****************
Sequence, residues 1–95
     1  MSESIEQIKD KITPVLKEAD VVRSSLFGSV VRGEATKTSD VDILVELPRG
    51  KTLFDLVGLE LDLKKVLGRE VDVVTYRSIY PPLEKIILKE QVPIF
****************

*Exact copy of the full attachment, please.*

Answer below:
Sequence, residues 1–95
     1  MSESIEQIKD KITPVLKEAD VVRSSLFGSV VRGEATKTSD VDILVELPRG
    51  KTLFDLVGLE LDLKKVLGRE VDVVTYRSIY PPLEKIILKE QVPIF